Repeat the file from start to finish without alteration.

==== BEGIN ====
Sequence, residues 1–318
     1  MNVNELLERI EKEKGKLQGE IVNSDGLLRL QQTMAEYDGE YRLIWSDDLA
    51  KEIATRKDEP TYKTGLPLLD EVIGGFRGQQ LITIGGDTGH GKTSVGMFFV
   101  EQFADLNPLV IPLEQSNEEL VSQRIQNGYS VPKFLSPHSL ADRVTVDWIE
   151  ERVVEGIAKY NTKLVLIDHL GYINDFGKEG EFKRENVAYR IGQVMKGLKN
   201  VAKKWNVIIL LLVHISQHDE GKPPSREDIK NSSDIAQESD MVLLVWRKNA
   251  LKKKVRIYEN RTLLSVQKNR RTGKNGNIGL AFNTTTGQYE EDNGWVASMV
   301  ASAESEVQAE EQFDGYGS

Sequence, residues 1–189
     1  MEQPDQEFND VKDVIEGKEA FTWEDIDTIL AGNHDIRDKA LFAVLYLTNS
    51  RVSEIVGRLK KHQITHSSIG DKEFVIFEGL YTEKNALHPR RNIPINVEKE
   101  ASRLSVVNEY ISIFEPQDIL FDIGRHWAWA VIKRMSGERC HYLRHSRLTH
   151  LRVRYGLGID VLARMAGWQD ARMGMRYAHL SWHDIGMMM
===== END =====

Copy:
Sequence, residues 1–318
     1  MNVNELLERI EKEKGKLQGE IVNSDGLLRL QQTMAEYDGE YRLIWSDDLA
    51  KEIATRKDEP TYKTGLPLLD EVIGGFRGQQ LITIGGDTGH GKTSVGMFFV
   101  EQFADLNPLV IPLEQSNEEL VSQRIQNGYS VPKFLSPHSL ADRVTVDWIE
   151  ERVVEGIAKY NTKLVLIDHL GYINDFGKEG EFKRENVAYR IGQVMKGLKN
   201  VAKKWNVIIL LLVHISQHDE GKPPSREDIK NSSDIAQESD MVLLVWRKNA
   251  LKKKVRIYEN RTLLSVQKNR RTGKNGNIGL AFNTTTGQYE EDNGWVASMV
   301  ASAESEVQAE EQFDGYGS

Sequence, residues 1–189
     1  MEQPDQEFND VKDVIEGKEA FTWEDIDTIL AGNHDIRDKA LFAVLYLTNS
    51  RVSEIVGRLK KHQITHSSIG DKEFVIFEGL YTEKNALHPR RNIPINVEKE
   101  ASRLSVVNEY ISIFEPQDIL FDIGRHWAWA VIKRMSGERC HYLRHSRLTH
   151  LRVRYGLGID VLARMAGWQD ARMGMRYAHL SWHDIGMMM